Inequalities as a legacy

By Audrey SomnardLex Kleren Switch to French for original article

What if inequalities in Luxembourg were partly due to the absence of taxes for direct descendents? This is at least the idea put forward by the Chamber of Employees' think tank Improof. This idea is largely taboo in Luxembourg, where all political parties defend the status quo.

Two members of Improof, a newly formed think tank of the Chamber of Labour (CSL), wanted to throw a spanner in the works by tackling one of the country's great taboos: the absence of inheritance tax in direct line. Laurent Uhoda and Dylan Theis, economic advisors to the CSL, distilled their thoughts into three parts in a first article published on 20 February. For them, this absence of inheritance tax accentuates the inequalities that are growing in the country. "Generally speaking, I would say that what really distinguishes Luxembourg from European and neighbouring countries is the absence of inheritance tax in direct line, which is clearly a big difference with most other countries, " says Antoine Paccoud, a researcher in urban development and mobility at the Luxembourg Institute of Socio-Economic Research (Liser), quoted in the article. On average between 2018 and 2021, there was one inheritance liable to inheritance tax in Luxembourg for every four and a half exempted. For Laurent Uhoda and Dylan Theis, "there is therefore a potential source of useful revenue to achieve equality of opportunity, without doubt, but above all equality of hope and conditions by reducing the gaps linked to the environment of origin".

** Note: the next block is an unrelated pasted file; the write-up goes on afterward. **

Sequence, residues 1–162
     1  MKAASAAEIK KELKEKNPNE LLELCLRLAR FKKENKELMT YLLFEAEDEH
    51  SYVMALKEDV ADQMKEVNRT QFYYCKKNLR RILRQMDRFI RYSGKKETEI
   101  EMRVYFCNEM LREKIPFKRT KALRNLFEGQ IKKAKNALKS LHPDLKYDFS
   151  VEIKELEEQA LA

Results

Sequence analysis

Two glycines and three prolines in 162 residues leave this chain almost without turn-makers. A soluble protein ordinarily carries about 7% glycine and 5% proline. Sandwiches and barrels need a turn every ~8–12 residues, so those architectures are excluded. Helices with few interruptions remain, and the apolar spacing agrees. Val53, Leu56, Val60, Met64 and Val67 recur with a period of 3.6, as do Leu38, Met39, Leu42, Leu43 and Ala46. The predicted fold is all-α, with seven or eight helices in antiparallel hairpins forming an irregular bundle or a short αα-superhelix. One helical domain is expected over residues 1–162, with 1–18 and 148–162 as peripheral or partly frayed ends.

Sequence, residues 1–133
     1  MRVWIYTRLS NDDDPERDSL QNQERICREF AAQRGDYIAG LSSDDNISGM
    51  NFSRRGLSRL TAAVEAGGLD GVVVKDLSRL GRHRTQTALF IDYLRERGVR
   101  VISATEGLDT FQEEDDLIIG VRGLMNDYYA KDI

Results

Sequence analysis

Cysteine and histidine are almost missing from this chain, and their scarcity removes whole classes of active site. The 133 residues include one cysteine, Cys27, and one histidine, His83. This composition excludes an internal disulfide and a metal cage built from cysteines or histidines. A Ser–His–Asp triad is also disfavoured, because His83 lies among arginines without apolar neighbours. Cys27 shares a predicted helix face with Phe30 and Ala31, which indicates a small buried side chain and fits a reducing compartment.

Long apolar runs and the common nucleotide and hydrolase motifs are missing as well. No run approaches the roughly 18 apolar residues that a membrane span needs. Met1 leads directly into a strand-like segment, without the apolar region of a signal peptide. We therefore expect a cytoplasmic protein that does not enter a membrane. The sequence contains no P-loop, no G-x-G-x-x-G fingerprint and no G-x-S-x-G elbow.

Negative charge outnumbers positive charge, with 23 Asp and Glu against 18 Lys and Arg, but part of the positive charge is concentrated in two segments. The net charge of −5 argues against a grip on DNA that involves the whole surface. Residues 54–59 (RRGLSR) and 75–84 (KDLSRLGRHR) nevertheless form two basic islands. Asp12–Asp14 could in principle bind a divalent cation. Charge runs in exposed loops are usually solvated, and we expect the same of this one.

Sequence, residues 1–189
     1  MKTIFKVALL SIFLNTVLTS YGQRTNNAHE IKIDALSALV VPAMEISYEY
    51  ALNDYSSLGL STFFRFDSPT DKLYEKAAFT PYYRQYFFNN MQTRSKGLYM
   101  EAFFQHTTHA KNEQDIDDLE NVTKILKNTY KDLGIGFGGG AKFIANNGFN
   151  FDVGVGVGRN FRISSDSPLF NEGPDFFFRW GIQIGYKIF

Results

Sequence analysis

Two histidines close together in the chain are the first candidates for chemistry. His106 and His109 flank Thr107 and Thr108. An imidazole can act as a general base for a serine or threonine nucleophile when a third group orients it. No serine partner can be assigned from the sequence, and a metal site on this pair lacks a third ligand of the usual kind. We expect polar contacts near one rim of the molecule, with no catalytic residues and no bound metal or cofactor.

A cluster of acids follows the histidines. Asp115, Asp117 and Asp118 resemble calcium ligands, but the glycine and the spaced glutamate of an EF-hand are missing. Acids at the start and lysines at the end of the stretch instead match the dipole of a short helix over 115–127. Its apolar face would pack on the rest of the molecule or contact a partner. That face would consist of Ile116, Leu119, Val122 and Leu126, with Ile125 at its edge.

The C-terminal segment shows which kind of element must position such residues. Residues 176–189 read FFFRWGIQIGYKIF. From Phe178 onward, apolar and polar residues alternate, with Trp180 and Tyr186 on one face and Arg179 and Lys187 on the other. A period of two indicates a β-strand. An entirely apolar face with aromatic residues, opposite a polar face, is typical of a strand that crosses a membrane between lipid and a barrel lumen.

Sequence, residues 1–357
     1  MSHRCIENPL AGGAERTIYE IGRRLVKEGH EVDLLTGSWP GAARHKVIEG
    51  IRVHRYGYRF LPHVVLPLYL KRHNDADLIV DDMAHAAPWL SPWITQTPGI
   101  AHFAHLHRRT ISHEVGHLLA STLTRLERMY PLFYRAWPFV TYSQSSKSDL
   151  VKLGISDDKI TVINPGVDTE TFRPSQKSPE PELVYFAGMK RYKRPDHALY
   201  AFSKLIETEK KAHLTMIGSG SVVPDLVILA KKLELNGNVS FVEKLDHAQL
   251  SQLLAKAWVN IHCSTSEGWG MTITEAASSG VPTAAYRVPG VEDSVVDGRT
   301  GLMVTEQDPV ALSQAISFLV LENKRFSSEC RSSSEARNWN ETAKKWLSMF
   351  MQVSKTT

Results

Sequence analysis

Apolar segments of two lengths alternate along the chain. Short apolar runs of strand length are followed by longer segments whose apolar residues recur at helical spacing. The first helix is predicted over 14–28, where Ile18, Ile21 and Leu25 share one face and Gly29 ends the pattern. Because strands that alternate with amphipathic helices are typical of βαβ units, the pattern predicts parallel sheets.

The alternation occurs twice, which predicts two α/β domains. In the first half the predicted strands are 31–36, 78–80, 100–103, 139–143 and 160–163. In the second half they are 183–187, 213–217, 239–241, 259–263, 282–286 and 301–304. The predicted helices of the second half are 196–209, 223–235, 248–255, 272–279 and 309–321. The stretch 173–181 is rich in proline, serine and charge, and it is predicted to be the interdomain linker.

For the two authors of the article, inequalities are increasing under the guise of evolving in a society based on meritocracy: "In keeping with the apparent meritocracy that prevails, it thus seems largely curious and incoherent that Luxembourg should allow enormous bonuses to be granted 'on merit', which are fairly tax-free, and also authorise exemption from the transmission of these accumulated bonuses; unless, of course, merit means inheritance (and taking advantage of the benefits of birth) …"

For the latter, an inheritance tax would therefore be a way of combating these inequalities: "Luxembourg legislation is indeed extremely favourable to the transmission of family wealth from generation to generation, so that neither family wealth nor wealth inequalities have to suffer. The Economic and Social Council is therefore not mistaken when it states in 2018 that 'the economic usefulness of the tax [on inheritance] is theoretically identified as a means of limiting the inequality of the distribution of wealth or of curbing the excessive concentration of wealth'. In Luxembourg, however, it remains largely inoperative."

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